It was at Craiglockhart that Sassoon met fellow poet Wilfred Owen in 1917. Through mutual encouragement, their poetry flourished, and today they’re regarded as two of the greatest artists to emerge from World War I.

Sassoon survived the Great War and continued writing for the rest of his life. We have copies of his collected poems which you can access by logging into LibrarySearch

John Arthur Brock

Local lad, John Arthur Brock was born on the 9th of September 1878 in Kirkliston, just outside Edinburgh. After qualifying as a medical doctor, he worked for spells in Vienna and Berlin before returning to his native city.

Dr Brock was one of the doctors who treated the soldiers at Craiglockhart Hospital for shellshock, or neurasthenia as he called it. The characteristics of neurasthenia, he believed, were “dissociation, disintegration and split personality” and the way to treat it was holistically, specifically by reintegrating patients with their environment and restoring community links. This often meant hard physical work.

In volume 60 (2005) of the Journal of the history of medicine and allied sciences, David Cantor quotes Siegfried Sassoon remembering that Dr Brock “pushed his patients out of bed in the dark cold mornings and marched them out for a walk before breakfast. Rumour has it that they bolted themselves into lavatories and bathrooms (the bolts had been removed) but he was wise to that”. (Department of Documents, Imperial War Museum, London).

Brock retained a life-long interest in the treatment of psychiatric illnesses. In 1925 he moved to North Queensferry and established a convalescent home for nervous patients.

The War Poets Collection further Information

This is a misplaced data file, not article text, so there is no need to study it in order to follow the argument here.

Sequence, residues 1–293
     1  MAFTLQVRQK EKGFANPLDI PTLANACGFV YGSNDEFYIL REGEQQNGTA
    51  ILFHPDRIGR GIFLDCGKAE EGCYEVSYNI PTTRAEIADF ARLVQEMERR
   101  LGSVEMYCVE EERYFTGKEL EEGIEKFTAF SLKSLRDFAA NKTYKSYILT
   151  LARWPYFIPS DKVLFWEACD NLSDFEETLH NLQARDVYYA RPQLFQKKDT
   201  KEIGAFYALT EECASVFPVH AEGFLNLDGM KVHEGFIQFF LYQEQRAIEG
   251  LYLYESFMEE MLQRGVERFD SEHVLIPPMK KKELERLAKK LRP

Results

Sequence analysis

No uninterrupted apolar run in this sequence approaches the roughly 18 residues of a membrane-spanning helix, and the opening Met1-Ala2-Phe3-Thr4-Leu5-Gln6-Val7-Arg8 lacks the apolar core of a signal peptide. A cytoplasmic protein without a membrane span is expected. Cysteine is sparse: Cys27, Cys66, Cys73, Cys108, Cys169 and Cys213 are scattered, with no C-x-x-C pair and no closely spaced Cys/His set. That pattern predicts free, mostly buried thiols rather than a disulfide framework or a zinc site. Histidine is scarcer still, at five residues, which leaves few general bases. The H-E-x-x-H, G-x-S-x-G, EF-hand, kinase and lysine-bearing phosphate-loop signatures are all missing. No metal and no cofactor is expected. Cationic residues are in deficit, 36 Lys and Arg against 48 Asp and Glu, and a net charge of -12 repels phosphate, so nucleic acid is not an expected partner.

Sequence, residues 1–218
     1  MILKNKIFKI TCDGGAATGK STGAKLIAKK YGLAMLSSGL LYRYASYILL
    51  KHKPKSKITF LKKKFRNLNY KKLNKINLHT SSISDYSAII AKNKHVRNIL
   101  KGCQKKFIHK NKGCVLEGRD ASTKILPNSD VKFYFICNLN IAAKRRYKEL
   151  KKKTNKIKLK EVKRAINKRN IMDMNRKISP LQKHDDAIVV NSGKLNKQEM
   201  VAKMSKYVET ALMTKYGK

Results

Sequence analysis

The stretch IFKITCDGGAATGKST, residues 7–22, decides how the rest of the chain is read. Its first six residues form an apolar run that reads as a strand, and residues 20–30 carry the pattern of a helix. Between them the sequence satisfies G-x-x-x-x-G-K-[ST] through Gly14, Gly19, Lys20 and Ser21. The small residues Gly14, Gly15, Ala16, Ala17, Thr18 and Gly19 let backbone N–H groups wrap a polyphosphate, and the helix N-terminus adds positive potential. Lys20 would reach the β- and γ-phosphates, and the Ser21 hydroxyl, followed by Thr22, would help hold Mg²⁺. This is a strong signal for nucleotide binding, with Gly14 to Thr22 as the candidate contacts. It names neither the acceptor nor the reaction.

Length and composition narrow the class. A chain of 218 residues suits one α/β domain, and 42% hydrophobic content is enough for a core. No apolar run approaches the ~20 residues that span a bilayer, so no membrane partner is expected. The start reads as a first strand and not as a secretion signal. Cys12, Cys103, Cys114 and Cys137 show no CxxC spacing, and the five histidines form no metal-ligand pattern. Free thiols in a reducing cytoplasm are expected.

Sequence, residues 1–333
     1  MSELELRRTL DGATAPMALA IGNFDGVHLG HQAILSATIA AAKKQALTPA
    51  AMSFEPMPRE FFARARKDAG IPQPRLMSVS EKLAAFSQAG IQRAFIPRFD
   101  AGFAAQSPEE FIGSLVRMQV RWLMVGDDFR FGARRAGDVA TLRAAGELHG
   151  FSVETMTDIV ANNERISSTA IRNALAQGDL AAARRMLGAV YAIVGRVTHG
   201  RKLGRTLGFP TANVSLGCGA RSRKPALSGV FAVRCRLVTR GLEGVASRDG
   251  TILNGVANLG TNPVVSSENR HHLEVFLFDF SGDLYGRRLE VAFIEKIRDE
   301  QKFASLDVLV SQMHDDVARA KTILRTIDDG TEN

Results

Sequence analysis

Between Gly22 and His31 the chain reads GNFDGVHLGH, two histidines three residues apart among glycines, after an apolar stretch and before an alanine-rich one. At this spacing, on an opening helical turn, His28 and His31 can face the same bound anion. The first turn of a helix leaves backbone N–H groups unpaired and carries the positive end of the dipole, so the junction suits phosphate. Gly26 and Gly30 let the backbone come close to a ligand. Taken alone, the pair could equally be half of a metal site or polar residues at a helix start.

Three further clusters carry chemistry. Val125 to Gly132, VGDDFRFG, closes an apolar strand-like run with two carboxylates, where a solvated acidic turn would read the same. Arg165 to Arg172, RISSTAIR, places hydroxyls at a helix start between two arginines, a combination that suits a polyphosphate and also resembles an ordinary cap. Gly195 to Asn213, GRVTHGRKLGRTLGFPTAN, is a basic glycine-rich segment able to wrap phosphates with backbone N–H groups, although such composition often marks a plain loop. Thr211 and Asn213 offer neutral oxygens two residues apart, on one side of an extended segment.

To find out more about The War Poets Collection: Siegfried Sassoon and Dr Brock, visit the collection online on our special collections website. You can also visit the collection at our Craiglockhart Campus, but please check access times in advance.

Read more about the War Poets on our blog:

War Poets Collection: Remembering Siegfried Sassoon

The Poet and the Doctor, Craiglockhart War Hospital 1917 (War Poets Collection)

Let’s leave the last words of this piece to Sassoon:

Does it Matter?
Does it matter – losing your legs?…
For people will always be kind,
And you need not show that you mind
When the others come in from hunting
To gobble their muffins and eggs.

Does it matter – losing your sight? …
There’s such splendid work for the blind;
And people will always be kind,
As you sit on the terrace remembering
And turning your face to the light.

Does it matter – those dreams from the pit? …
You can drink and forget and be glad,
And the people won’t say that you’re mad;
For they’ll know that you fought for your country
And no-one will worry a bit.

Collected Poems 1908-1956, Faber & Faber, 2002.

By Lesley McRobb

Scottish Traditions: Burn’s Night

Burns Night

Burns Night is a traditional celebration of Scotland’s national bard, or poet, Robert Burns. It is held on 25th January, Burns’s birthday, when Burns suppers are held. They consist of a meal, poetry recitals and songs. The first supper was held at Burns Cottage by his friends on 21st July 1801, the fifth anniversary of his death.

If you think that you don’t know any of Burns’s work, ask yourself if you have ever sung Auld Lang Syne on Hogmanay/New Year’s Eve or used the lines “My love is like a red, red rose” on a Valentine card. If you have then you are familiar with some of his best-known work. Burns wrote his first poem aged 15 and in his short life wrote a vast number of songs and poems that can be accessed here. He wrote in a light Scots dialect which was easier for those outside Scotland to understand and often wrote about very humble subjects, for example, his poem “To a Mouse” is inspired by the field mice Burns saw while ploughing on his farm.